The Facebook Meta rebrand may have a problem. Or two or three. Not to mention some conceptual issues with the Metaverse.
Recently, Facebook CEO Mark Zuckerberg announced that the company would be changing its name to Meta as part of a rebranding effort. Officially, Meta Platforms Inc.
An Arizona-based company that sells computers, laptops, tablets and tech software called “Meta PC” launched a little over a year ago. And this August, filed to trademark “Meta” in relation to any technological use. That could exclude Facebook from using the name. This was first reported by TMZ. The founders called Facebook’s announcement “a shock”.
Meta PC’s trademark hasn’t yet been granted, these applications usually taking 1-2 years to process. However, co-founders Zack Shutt and Joe Darger told TMZ they won’t sell the name to Zuckerberg for less than $20 million. And they posted a public cease-and-desist on Facebook!
A federal trademark gives a company legal protection for its brand and helps to identify its goods and services, according to the Patent and Trademark Office. However, it doesn’t mean that a company can legally own a specific word or be able to prevent others from using it.
For example, if Facebook was granted a trademark for Meta, that wouldn’t mean the company would own the word – and it couldn’t prevent a company outside of its industry from using it. It’s unclear how a court would rule on whether MetaPC and Facebook are in the same wheelhouse.
Meta PC has been vocal about Facebook’s rebrand on its Twitter account, posting memes and other jokes in light of the name change. The company posted a video showing Schutt jokingly announcing that MetaPC is changing its name to “Facebook.”
A German-based health startup called “M-sense” is claiming Facebook is trying to steal their logo. The above is what’s known as a “striking similarity” between the logos, and could be the basis for additional litigation.
On social media accounts, M-sense stated that they are honored for inspiring Facebook. This is probably humor. They also made another reference to the social media company about how their logo were similar to the Meta logo. M-sense stated that Facebook can also take M-sense as an example in data security. Facebook is in hot water with the public and congress over data-security and privacy. And lack of moderation.
Things go even more sideways.
There’s a Chicago-based company called, you guessed it, Meta Company. In a long letter published on the company’s website, Meta Company Founder Nate Skulic alleged that Facebook lawyers had reached out to his company over a desire to buy its name, without initially disclosing whom exactly it was that they represented.
Skulic goes on to claim, “We refused their offer on multiple bases,” alleging that Facebook made a “low offer that wouldn’t cover” the name change costs. Beyond that, Skulic says the company wanted to know who was behind the proposal and what their intent was, and the fact that Facebook’s lawyers were being cagey about this infomation didn’t help matters.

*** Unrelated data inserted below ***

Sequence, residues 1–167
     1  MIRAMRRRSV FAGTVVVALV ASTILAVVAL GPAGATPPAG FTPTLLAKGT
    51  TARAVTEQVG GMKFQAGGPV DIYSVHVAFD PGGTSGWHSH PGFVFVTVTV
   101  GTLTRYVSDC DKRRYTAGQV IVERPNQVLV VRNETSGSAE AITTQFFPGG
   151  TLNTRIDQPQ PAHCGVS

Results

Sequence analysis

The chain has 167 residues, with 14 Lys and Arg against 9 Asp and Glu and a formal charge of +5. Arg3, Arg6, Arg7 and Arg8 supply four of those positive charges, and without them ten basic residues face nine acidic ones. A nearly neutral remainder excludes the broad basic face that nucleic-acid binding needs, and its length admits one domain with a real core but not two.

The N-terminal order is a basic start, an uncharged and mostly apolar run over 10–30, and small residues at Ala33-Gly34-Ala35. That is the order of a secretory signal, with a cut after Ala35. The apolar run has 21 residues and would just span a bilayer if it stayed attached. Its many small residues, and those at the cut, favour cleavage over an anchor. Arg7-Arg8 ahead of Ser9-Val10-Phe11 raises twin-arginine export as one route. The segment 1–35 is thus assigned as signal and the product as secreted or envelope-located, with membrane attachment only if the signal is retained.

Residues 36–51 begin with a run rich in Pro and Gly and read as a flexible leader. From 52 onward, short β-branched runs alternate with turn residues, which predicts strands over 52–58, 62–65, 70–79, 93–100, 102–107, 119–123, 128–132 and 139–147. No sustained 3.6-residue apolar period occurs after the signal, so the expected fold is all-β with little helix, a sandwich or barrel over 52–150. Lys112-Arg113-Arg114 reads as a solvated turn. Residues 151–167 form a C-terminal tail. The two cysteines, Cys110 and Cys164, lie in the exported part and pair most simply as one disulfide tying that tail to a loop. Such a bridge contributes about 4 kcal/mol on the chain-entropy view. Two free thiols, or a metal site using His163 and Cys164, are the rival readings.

Beyond this, Meta Company has filed “legal actions” against Facebook over its rebrand. In addition to worries about a negative association between his company and Facebook, Skulic says they are delaying a product launch over the issue.
All this is not going over well with the public, which according to this survey, over 70% either disapprove or don’t care about the name change. So why did they make the move? Zuckerberg has formally announced that gaming and virtual reality, bundled up in the expansive and hard-to-define rubric of “the metaverse,” are the future of Facebook. The day after Facebook announced the name change, the company demonstrated how it will accomplish that goal: a deal to buy Within, the company co-founded by VR pioneer Chris Milk, best known for its Supernatural workout app.
In fact, Facebook — I mean Meta — has bought over a hundred companies in recent years. The company is also looking into building its own hardware so the don’t have to work with Apple, Google, et cetera. Some folks, including in Congress, think the answer may be to simply break-up Facebook.
FTC commissioner Rebecca Slaughter made it even clearer: “I think of serial acquisitions as a Pac-Man strategy,” she said when the report was released. “Each individual merger viewed independently may not seem to have significant impact, but the collective impact of hundreds of smaller acquisitions can lead to a monopolistic behavior.”
It’s All About the Metaverse
Facebook’s move to rename itself as Meta has as much to do with embracing the coming Metaverse as it does washing some of the stink off the company from its recent travails in consumer privacy and their apparent active promotion of hate and discord to generate conversation on their platform.
When we hear the word “Metaverse”, we imagine an immense, simultaneous, sustained virtual world like what we saw in Ready Player One, but to date no system even approaches it. The two preexisting examples that come closest are Linden Labs’ Second Life (which because of its dated underlying technology cannot support VR headsets) and the VR-capable, wildly popular VRChat.
Despite this well established and preexisting art, Meta has been trying to position itself to be the curators of the coming metaverse for some time now. The newly renamed Meta Quest 2 provides a low priced introduction to virtual reality, and right now it’s the fastest selling headset on the market. However, all Meta has to show for its vision of the Metaverse are pie-in-the-sky promotional trailers, big on concept, but a complete vacuum as far as substance goes.